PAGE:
Police Report Adds Few Details About Harvard Yard Death

Cambridge Police report reveals age, gun description in Memorial Church death

Karen G. Heredia

Police investigate the scene of a fatal shooting on the steps of Memorial Church on Saturday.

The man who died from a self-inflicted gunshot wound Saturday on the top step of Memorial Church appeared to be a white male in his early to mid-twenties, according to an incident report released by the Cambridge Police Department yesterday.

The deceased, who appears to have been unaffiliated with Harvard, was found in a pool of his own blood with a "silver revolver style handgun" and a gunshot wound to his head, according to the report.

Officers, who responded after the shooting was reported at 10:49 a.m., found a bullet lodged in a nearby column of Memorial Church, according to the report submitted by Cambridge Police Sergeant Darcy Lowe on Saturday.

Witnesses informed the police that a tour group of 20 to 30 people was standing by the church when the male stood behind the group’s tour guide and then shot himself, according to the report.

The Harvard University Police Department led the police response to the incident, placing police tape around the perimeter of the scene before the Cambridge police arrived. HUPD declined to release its report on the incident.


The Middlesex District Attorney’s Office, the CPD, and HUPD declined to provide the man’s name. Messages left with the Mass. Office of the Chief Medical Examiner were not immediately returned.

University officials described the death as an unfortunate and unexpected event, though they said that they were pleased with HUPD’s rapid response to the incident.

"I really don’t know how to describe it. It’s just a tragedy," said John "Jay" L. Ellison, associate dean of the College. "We’re an open urban campus and sometimes things happen."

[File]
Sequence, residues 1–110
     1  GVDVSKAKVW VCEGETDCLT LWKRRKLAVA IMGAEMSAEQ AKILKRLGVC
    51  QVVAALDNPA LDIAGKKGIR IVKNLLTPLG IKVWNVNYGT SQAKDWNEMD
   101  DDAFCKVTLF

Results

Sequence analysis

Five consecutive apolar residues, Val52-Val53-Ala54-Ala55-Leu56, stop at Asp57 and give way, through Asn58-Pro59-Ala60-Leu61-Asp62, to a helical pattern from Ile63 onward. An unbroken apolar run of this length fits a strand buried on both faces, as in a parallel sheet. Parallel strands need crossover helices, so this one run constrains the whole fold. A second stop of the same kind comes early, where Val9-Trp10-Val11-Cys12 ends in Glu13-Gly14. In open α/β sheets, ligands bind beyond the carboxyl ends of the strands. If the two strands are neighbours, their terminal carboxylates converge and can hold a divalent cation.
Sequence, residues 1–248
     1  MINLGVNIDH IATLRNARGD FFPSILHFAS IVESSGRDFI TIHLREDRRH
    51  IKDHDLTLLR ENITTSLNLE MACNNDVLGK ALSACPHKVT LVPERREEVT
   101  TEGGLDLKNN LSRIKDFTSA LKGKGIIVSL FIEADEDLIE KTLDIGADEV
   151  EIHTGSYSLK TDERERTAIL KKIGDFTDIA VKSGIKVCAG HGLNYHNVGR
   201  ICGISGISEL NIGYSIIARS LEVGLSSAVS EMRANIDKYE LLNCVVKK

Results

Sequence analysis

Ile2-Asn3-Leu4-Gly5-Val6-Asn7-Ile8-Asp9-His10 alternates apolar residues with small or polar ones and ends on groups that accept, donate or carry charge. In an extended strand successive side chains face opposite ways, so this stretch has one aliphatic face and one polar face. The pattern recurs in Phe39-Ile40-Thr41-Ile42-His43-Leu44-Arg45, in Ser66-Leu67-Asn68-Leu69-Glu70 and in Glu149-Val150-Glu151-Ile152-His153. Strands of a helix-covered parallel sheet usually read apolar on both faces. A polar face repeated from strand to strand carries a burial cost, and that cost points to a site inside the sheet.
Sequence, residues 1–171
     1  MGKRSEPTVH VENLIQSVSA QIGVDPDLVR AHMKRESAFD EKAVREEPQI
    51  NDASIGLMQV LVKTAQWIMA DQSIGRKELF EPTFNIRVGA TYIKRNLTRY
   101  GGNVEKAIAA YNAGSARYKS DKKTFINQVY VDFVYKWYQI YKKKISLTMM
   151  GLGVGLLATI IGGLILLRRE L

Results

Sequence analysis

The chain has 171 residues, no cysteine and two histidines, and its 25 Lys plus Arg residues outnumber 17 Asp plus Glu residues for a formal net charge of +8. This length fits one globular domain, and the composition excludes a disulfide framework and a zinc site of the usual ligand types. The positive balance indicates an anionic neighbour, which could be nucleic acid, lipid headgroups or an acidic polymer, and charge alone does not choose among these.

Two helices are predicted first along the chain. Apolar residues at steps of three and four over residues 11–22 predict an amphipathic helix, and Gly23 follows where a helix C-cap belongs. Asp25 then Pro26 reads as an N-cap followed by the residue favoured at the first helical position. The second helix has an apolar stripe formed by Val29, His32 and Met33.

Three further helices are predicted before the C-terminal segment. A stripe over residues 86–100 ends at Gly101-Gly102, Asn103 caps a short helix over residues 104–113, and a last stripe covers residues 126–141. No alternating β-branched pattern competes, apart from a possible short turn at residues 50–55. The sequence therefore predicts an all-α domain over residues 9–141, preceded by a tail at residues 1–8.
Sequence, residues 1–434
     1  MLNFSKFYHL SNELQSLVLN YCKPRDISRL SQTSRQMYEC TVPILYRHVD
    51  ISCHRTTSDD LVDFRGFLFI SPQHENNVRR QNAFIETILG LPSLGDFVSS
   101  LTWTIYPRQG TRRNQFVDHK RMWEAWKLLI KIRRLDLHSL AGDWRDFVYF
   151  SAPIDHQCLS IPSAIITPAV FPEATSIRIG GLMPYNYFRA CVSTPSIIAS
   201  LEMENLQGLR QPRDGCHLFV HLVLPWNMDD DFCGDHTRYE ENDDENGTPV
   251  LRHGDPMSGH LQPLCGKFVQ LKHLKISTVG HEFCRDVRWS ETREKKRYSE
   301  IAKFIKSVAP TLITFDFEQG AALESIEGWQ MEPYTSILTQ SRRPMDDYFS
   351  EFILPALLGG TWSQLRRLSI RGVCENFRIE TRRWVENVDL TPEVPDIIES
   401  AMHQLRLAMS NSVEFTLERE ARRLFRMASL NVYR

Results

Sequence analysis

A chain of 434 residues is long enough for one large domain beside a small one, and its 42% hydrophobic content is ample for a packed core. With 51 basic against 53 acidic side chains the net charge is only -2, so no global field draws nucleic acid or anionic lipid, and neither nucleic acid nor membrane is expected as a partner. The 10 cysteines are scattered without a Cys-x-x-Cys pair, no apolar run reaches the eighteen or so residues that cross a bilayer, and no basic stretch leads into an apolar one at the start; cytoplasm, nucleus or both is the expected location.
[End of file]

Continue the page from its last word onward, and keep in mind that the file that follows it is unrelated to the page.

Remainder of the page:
Because HUPD determined that the death did not present an ongoing threat to the campus, Harvard did not immediately employ "Message Me," the University’s emergency alert system, according to Ellison.

Over an hour after the incident took place, College administrators reached out to students, informing them of what had happened and asking them to seek help if they felt affected by the death.

Director of Behavioral Health and Academic Counseling Paul J. Barreira said that a "handful of students" sought mental health assistance from University Health Services in reaction to the incident.

Barreira said that the Freshman Dean’s Office asked freshman proctors in particular to look out for "any students of concern" because most freshmen live in Harvard Yard, where the death took place.

"We’ve asked the proctors to reach out to any students that seem like they’re upset or distressed," said Sue Brown, resident dean of Elm Yard.

Though days have passed since the man’s death, Barreira urged students to continue to seek help if they have been affected by the incident.

"I would always encourage students that if they’re feeling distressed to go ahead and talk to us," Barreira said.

—Staff writer Eric P. Newcomer can be reached at

—Staff writer Naveen N. Srivatsa can be reached at